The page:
Gardner Smith skiing in 1952, photo courtesy Jeanne Gaida

Decades-Old Mountain Mystery Put to Rest

More than 50 years after legendary Tahoe ski racer Gardner Smith disappeared, his daughter would learn of his connection to a grizzly discovery high on Colorado’s Independence Pass


Only while skiing Sun Valley Resort’s Bald Mountain was Jeanne Smith Gaida able to feel the spirit of a man who had cast a long shadow on her life.

Around 2007, Gaida took a trip to the famed Idaho resort to meet with skiing raconteur Dick Dorworth and learn more about Gardner Smith, the father who had abandoned her and her mother decades prior.

Smith was known as one of the top skiing talents in the Tahoe area in the 1950s, photo courtesy Jeanne Gaida

Smith was among the best ski racers in the Tahoe area in the 1950s and enlisted a style reminiscent of Norwegian ski legend Stein Eriksen. He displayed a persistent push to perfect his craft and had a mind sharp enough to prototype a now commonplace ski goggle design. Despite these abilities, he was never able to achieve lasting success and would struggle until ultimately meeting a tragic end.

But with Dorworth by her side telling the tales of Smith’s exploits among the world’s best skiers at Sun Valley’s 1956 Harriman Cup, Gaida could see her father—and his singular focus on skiing—with a new clarity. She could picture the knife-edged skills refined through hours of practice. She could glimpse the determination on her father’s face. She could trace his lines in the snow.

“It was like being there,” Gaida says of her time with Dorworth recounting Smith’s pursuit of excellence during the ski race, where Smith placed third.

It was the first time someone provided the details of her father’s passion for skiing with such enthusiasm and the first time she felt the excitement in her father’s life, Gaida says.

“It filled my cup. It filled my soul,” she says. “It gave me what I needed.”

After disappearing from Gaida’s and her mother’s lives shortly after Gaida’s birth in 1962, Smith eventually disappeared entirely, his whereabouts becoming a decades-long mystery that was only recently resolved with the help of forensic genealogy. And even with this recent discovery, much about this enigmatic figure from Tahoe’s skiing history, and his untimely demise, will likely never be known.


‘A Pioneer, an Explorer, a Man Ahead of His Time’

A longtime ski racer and former speed skiing world record holder who grew up on Tahoe’s South Shore, Dorworth was a friend of Smith’s and says he long admired him for his individuality and dedication. While Smith was often funny, clever and easygoing—“Whatever is right, friend,” he was known to say—Dorworth also notes a strain of anger at the world running through his personality.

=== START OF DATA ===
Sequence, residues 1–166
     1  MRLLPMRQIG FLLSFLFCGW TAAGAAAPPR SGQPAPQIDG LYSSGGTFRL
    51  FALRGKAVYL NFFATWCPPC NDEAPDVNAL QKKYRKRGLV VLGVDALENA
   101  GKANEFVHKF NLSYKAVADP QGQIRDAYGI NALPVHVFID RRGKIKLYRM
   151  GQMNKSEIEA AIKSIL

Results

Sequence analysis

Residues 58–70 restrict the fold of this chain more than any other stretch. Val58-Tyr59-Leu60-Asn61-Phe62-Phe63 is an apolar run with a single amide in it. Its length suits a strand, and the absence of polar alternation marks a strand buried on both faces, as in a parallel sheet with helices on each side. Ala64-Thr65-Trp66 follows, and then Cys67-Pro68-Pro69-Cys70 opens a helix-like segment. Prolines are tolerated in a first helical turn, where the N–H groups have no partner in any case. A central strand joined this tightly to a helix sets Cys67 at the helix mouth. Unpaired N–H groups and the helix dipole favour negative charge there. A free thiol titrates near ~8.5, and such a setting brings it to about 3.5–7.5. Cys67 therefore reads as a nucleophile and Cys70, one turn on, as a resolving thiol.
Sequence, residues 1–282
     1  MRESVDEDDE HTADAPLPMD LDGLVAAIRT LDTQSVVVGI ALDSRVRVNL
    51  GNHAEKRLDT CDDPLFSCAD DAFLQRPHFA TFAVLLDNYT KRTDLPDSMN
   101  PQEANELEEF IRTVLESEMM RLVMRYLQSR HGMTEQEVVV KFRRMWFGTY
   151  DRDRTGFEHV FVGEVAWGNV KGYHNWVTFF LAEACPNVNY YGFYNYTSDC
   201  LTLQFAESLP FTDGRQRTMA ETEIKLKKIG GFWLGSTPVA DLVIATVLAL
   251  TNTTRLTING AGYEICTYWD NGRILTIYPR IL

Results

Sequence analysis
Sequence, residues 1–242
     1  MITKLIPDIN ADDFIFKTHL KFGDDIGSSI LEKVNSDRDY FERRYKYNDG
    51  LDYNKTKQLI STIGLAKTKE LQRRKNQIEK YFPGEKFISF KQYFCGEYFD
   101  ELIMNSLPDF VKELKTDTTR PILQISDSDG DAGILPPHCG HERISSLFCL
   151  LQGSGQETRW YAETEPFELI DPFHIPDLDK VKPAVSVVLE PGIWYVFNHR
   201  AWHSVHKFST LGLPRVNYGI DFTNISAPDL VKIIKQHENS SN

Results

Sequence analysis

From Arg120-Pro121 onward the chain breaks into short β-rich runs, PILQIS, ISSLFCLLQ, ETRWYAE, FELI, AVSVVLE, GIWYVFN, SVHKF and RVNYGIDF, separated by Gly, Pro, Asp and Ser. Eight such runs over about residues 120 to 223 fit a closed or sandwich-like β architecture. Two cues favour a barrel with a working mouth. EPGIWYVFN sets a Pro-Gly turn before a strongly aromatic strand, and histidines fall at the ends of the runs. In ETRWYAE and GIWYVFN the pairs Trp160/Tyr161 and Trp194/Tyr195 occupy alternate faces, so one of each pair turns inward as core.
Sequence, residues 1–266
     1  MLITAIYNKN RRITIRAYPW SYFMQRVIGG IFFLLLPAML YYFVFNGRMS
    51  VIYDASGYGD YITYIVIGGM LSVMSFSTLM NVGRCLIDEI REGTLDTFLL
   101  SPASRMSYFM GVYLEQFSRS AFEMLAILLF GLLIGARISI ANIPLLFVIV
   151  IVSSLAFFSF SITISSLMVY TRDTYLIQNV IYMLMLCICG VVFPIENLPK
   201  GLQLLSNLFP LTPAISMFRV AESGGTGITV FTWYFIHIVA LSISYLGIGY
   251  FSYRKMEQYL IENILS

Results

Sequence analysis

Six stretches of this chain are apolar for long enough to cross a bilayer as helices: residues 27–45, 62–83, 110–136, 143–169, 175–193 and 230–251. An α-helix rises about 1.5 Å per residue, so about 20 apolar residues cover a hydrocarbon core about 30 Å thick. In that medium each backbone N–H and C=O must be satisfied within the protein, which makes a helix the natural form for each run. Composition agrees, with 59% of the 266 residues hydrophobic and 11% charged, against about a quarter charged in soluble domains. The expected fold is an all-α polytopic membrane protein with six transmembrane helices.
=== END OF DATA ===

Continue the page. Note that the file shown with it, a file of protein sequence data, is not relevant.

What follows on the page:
Gardner Smith, photo courtesy Jeanne Gaida

“He was his own man, and he had a lot of conflict because he lived by his own standards,” Dorworth says.

A free spirit whose individuality, passion and ability to make people smile attracted friends, Smith also exhibited exacting ideals and a willingness to take stands—traits that didn’t always find universal acclaim, Dorworth wrote in a December 1983 article in Ski Magazine.

“Gardner’s resolution to explore and experiment with his own individuality gave him great personal strength, a trait treasured by his friends but maddening to his critics,” Dorworth wrote. “He was a maverick, a blessed and at the same time cursed man whose mind was drawn to the cutting edge; he was a pioneer, an explorer, a man ahead of (and therefore out of) his time, a natural foe of the status quo.”

This push to the fringes manifested in relatively simple adventures like riding his unicycle down the steps at Sugar Bowl Resort on Donner Summit to more daring exploits like fleeing Guatemala during the 1954 revolution after landing a plane there with friend and fellow Lake Tahoe wild man Dick Buek.

“In many ways they were soul mates, too,” Dorworth says of Smith and Buek. “They both were great skiers that in many ways never achieved their potential. Gardner just because of who he was and Dick because of his motorcycle wreck.”

Smith’s skiing and his influence on others probably never received the credit they deserved, but his passion for the sport was clearly central to his being.

“He was curious about what it meant to be a ‘human being’ and skiing was his avenue of discovery,” Dorworth wrote of Smith.


Life Without Gardner

Smith’s uncommon focus toward a life on snow took a very human toll on those around him. He met a British woman named Jennifer Dawn Andrews in Argentina in 1961, and the couple had Jeanne the following year. But Smith was never a part of his daughter’s life, abandoning his family shortly after Jeanne’s birth.

Smith pictured in 1952, photo courtesy Jeanne Gaida

Her mom, who grew up in Uruguay, struggled as a single parent in the 1960s and never really caught a break, Gaida says. Those around her hesitated to talk much about Smith, and a box of ski mementos only told a small part of the story.

“Growing up without a dad was sad,” Gaida says. “It was also just such an unusual story because he just kind of walked away.”

Smith’s parents, Paul and Bernita, introduced their family to skiing. Paul was credited with creating Boreal ski resort along Interstate 80 on Donner Summit. Gaida grew up between the San Francisco Bay Area and Modesto, with Paul and Bernita providing much to the baby girl who was left behind by their son. They were “everything” to her, Gaida says.